Ben-Gurion University of the Negev
BGU was founded by the Government of Israel in 1969 and is named after David Ben-Gurion, Israel’s first prime minister. The university is now ranked No. 31 in the QS World University Rankings Top 50 Under 50.
BGU has an international reputation for multidisciplinary research, a modern 21st-century campus and a dynamic student body of approximately 20,000.
The Faculty of Health Sciences
In 1973, Israel’s Council for Higher Education tasked BGU with establishing a new medical school. From the outset, program founders were intent upon creating a program that was different in focus, orientation and scope from traditional medical schools.
A primary objective of the Faculty of Health Sciences has been addressing the health care needs of the diverse populations of the Negev, Israel’s semi-arid desert region that makes up more than 60% of the country’s landmass. The faculty also stands out in its emphasis on the inherent relationship between medical education and medical care, with a focus on primary care.
The Faculty of Health Sciences has established itself as a pioneer in training doctors who are uniquely prepared for the health challenges and population needs of 21st-century global medicine.
Through its outreach programs, the faculty has extended its reach to help communities in Africa and Asia develop their health care systems.
BGU also provides training for specialists in anesthesiology and critical care, including one program under the sponsorship of the European section of the World Federation of Societies of Anesthesiologists, and another, sponsored by the Peres Center for Peace, that enhances Palestinian residency training. As part of a research and teaching collaboration with Azerbaijan Medical University, BGU recently sent a delegation to train 31 Azeri doctors and researchers in clinical best practices.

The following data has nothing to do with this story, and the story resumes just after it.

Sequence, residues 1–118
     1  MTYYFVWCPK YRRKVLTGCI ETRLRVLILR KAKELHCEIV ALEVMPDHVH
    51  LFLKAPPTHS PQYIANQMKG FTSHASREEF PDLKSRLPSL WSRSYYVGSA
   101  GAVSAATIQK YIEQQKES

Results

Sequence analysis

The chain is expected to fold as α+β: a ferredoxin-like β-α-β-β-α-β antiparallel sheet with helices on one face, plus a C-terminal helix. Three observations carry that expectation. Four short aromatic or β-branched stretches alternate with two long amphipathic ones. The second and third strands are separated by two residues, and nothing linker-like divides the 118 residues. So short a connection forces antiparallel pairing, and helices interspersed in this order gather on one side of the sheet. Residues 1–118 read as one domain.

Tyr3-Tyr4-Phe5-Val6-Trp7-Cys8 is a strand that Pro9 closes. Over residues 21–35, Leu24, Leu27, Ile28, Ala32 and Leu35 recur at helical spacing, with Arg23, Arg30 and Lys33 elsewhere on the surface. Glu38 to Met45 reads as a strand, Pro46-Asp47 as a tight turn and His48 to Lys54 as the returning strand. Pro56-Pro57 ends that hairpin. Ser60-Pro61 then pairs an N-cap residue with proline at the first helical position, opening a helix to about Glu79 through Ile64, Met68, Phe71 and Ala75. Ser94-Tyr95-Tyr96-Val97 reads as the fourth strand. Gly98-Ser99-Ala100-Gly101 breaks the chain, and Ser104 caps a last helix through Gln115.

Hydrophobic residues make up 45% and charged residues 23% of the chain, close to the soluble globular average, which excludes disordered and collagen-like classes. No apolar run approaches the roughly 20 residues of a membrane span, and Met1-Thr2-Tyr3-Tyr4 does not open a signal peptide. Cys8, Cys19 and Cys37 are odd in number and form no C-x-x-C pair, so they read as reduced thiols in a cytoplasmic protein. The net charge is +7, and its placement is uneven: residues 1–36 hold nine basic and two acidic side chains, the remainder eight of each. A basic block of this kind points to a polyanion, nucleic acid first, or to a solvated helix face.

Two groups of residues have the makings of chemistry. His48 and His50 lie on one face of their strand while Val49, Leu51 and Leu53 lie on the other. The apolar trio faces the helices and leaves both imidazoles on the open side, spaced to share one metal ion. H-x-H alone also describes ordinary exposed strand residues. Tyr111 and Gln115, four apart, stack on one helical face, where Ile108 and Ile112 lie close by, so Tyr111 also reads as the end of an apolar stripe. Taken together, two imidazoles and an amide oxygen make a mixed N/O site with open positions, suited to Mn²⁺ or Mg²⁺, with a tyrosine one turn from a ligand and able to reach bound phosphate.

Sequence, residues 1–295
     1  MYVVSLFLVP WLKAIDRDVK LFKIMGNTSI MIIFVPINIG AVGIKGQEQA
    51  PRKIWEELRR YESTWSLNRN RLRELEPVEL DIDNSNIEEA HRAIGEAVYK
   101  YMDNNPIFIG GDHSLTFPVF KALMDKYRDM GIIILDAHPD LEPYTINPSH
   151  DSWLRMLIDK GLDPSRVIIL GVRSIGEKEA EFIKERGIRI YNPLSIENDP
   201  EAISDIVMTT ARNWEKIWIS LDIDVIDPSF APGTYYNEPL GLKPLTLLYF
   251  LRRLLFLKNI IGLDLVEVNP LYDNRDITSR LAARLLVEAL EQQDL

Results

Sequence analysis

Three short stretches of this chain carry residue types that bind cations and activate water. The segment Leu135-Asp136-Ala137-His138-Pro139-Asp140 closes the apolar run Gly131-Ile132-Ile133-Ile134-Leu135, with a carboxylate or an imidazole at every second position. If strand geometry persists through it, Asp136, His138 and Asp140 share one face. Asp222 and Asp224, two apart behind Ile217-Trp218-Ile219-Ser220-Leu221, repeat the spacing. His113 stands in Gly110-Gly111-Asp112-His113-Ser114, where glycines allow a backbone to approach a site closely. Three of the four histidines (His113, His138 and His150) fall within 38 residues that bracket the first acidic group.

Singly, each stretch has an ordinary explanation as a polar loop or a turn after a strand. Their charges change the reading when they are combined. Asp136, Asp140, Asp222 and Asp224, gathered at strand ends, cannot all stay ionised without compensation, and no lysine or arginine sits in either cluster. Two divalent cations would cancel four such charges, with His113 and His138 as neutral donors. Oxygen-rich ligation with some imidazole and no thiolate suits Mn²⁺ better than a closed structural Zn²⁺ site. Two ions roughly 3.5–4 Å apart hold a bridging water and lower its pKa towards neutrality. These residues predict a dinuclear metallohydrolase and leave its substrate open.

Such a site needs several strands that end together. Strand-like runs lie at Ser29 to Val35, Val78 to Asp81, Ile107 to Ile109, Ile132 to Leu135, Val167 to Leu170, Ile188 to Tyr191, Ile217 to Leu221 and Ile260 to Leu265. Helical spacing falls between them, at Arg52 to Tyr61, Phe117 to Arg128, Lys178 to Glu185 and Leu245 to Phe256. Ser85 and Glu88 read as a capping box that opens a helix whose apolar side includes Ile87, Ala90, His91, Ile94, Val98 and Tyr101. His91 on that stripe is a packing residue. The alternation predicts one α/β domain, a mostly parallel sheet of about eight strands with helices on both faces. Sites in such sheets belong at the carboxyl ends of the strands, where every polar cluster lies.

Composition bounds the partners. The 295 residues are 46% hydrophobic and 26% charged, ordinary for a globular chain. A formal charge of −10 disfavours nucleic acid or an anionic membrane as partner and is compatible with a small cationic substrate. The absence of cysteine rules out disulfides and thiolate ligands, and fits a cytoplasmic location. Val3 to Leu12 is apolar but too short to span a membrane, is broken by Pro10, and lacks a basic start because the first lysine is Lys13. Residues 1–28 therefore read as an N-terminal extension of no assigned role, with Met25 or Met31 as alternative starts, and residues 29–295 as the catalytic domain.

The Medical School for International Health
In 1998, the BGU Faculty of Health Sciences, in collaboration with Columbia University’s College of Physicians and Surgeons, initiated a new M.D. program aimed at extending the schools’ philosophies and experience to students from around the world. The M.D. program at MSIH follows a four-year, North-American-style curriculum taught in English by BGU faculty.
The affiliation between BGU and Columbia helps combine MSIH’s international reputation as a leader in humanistic approaches to community medicine with Columbia’s reputation for excellence in medical education. Centered on principles of effective cross-cultural medical practice, the MSIH curriculum includes studies in international preventive medicine, geographic medicine, tropical diseases, global environment, and refugee and disaster medicine. The M.D. degree is awarded by BGU.
Since the program’s launch, over 500 physicians have graduated from MSIH. Although most go on to enter the medical profession in the United States and Canada, many choose to relocate and practice medicine internationally. Graduates can be found in Haiti, Ethiopia, Jordan, Uganda and Kenya, among other countries.